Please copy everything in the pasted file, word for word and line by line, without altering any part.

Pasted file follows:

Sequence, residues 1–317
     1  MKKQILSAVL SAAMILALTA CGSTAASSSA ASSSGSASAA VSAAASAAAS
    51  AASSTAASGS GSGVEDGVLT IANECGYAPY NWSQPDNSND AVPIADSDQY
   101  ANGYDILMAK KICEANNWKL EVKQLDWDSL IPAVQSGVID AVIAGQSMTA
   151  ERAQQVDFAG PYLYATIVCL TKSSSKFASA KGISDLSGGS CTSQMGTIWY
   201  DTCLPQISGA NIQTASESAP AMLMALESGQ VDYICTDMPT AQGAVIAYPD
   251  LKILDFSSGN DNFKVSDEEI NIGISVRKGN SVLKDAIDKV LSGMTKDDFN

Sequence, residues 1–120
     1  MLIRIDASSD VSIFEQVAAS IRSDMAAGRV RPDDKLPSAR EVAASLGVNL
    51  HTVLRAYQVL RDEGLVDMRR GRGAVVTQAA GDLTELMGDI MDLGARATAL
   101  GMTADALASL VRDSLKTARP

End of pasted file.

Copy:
Sequence, residues 1–317
     1  MKKQILSAVL SAAMILALTA CGSTAASSSA ASSSGSASAA VSAAASAAAS
    51  AASSTAASGS GSGVEDGVLT IANECGYAPY NWSQPDNSND AVPIADSDQY
   101  ANGYDILMAK KICEANNWKL EVKQLDWDSL IPAVQSGVID AVIAGQSMTA
   151  ERAQQVDFAG PYLYATIVCL TKSSSKFASA KGISDLSGGS CTSQMGTIWY
   201  DTCLPQISGA NIQTASESAP AMLMALESGQ VDYICTDMPT AQGAVIAYPD
   251  LKILDFSSGN DNFKVSDEEI NIGISVRKGN SVLKDAIDKV LSGMTKDDFN

Sequence, residues 1–120
     1  MLIRIDASSD VSIFEQVAAS IRSDMAAGRV RPDDKLPSAR EVAASLGVNL
    51  HTVLRAYQVL RDEGLVDMRR GRGAVVTQAA GDLTELMGDI MDLGARATAL
   101  GMTADALASL VRDSLKTARP